wandb.config: Save a dictionary of hyperparameters such as learning rate or model type. The model settings you capture in config are useful later to organize and query your results.
wandb.log(): Log metrics over time in a training loop, such as accuracy and loss. By default, when you call
wandb.log it appends a new step to the
history object and updates the
history: An array of dictionary-like objects that tracks metrics over time. These time series values are shown as default line plots in the UI.
summary: By default, the final value of a metric logged with wandb.log(). You can set the summary for a metric manually to capture the highest accuracy or lowest loss instead of the final value. These values are used in the table, and plots that compare runs — for example, you could visualize at the final accuracy for all runs in your project.
wandb.log_artifact: Save outputs of a run, like the model weights or a table of predictions. This lets you track not just model training, but all the pipeline steps that affect the final model.
wandb library is incredibly flexible. Here are some suggested guidelines.
Config: Track hyperparameters, architecture, dataset, and anything else you'd like to use to reproduce your model. These will show up in columns— use config columns to group, sort, and filter runs dynamically in the app.
Project: A project is a set of experiments you can compare together. Each project gets a dedicated dashboard page, and you can easily turn on and off different groups of runs to compare different model versions.
Notes: A quick commit message to yourself, the note can be set from your script and is editable in the table.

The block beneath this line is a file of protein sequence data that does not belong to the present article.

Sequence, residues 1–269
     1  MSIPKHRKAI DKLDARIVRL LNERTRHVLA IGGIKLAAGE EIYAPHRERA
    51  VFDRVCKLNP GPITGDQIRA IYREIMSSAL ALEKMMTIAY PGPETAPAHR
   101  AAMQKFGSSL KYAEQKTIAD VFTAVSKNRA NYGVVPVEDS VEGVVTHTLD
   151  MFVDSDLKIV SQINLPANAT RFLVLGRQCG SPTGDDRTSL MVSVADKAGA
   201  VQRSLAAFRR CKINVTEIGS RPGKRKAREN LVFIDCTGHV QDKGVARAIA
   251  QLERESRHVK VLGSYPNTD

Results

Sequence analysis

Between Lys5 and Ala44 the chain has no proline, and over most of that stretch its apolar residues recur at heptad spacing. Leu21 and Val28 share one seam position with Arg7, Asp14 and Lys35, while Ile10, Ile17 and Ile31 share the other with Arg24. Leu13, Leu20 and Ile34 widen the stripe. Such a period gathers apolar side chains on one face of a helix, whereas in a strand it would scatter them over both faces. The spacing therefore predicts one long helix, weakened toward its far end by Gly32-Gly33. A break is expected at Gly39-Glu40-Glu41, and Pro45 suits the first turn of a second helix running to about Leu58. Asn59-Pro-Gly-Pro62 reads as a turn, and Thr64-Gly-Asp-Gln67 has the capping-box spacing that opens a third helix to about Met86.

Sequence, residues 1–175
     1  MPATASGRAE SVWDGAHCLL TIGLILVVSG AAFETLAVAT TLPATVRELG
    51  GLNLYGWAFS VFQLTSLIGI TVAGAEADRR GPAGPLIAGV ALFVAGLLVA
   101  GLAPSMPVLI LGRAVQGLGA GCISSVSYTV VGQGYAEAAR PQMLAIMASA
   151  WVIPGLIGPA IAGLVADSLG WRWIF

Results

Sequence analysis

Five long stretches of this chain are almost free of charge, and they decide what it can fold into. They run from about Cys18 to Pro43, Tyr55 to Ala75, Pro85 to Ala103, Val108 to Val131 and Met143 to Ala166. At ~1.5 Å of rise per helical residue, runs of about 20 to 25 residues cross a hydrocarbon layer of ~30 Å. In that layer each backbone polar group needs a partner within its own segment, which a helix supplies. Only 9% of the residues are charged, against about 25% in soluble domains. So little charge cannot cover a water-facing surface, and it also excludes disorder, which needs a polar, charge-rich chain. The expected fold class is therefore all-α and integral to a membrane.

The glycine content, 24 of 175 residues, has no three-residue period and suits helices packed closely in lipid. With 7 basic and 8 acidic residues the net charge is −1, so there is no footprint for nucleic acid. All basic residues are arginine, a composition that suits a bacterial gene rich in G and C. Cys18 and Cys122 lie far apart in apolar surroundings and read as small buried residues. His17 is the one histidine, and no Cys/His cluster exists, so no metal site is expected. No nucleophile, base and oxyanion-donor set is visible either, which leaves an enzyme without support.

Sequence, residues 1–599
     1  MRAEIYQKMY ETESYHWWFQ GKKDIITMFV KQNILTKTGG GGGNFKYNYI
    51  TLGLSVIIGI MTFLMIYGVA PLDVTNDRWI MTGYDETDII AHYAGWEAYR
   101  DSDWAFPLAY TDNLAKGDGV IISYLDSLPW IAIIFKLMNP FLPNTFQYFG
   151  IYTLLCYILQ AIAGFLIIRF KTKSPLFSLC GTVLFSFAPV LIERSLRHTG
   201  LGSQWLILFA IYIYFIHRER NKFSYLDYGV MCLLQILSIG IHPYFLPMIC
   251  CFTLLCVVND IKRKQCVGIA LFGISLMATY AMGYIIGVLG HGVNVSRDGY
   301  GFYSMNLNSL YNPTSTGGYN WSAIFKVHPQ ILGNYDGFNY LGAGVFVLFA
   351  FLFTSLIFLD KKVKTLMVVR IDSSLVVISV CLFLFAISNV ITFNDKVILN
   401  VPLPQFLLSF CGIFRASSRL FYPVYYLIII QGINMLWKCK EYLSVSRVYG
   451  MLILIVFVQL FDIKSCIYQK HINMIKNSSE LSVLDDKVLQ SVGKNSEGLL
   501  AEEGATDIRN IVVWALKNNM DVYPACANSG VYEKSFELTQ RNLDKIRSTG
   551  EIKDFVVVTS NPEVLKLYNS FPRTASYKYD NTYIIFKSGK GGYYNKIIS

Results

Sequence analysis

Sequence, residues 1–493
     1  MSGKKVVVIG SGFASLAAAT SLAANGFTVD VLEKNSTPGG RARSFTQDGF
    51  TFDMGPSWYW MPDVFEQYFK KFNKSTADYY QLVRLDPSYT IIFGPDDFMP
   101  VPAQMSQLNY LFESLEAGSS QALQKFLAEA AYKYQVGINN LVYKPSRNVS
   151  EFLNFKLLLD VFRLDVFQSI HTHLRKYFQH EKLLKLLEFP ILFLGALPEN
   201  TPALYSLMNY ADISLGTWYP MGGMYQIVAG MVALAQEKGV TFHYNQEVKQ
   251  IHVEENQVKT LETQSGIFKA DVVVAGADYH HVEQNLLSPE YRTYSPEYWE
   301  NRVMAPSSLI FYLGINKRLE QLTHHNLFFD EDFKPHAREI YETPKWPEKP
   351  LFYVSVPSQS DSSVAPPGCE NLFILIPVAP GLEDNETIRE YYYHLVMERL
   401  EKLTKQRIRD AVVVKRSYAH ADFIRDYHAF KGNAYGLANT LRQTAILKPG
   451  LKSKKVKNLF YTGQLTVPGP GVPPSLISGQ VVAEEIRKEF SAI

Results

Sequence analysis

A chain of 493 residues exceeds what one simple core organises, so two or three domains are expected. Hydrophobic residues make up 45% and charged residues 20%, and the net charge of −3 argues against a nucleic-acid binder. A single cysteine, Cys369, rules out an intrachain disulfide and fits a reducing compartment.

Tags: Identify baseline runs and favorite runs. You can filter runs using tags, and they're editable in the table.
import wandbconfig = dict (learning_rate = 0.01,momentum = 0.2,architecture = "CNN",dataset_id = "peds-0192",infra = "AWS",)wandb.init(project="detect-pedestrians",notes="tweak baseline",tags=["baseline", "paper1"],config=config,)
All the data logged from your script is saved locally to your machine in a directory called
wandb, then synced to the W&B cloud or your private server.
Command line: The stdout and stderr are picked up and show in the logs tab on the run page.
Git commit: Pick up the latest git commit and see it on the overview tab of the run page, as well as a
diff.patch file if there are any uncommitted changes.
requirements.txt file will be uploaded and shown on the files tab of the run page, along with any files you save to the
wandb directory for the run.
Where data and model metrics are concerned, you get to decide exactly what you want to log.
Dataset: You have to specifically log images or other dataset samples for them to stream to W&B.
PyTorch gradients: Add
wandb.watch(model) to see gradients of the weights as histograms in the UI.
Configuration info: Log hyperparameters, a link to your dataset, or the name of the architecture you're using as config parameters, passed in like this:
wandb.log to see metrics from your model. If you log metrics like accuracy and loss from inside your training loop, you'll get live updating graphs in the UI.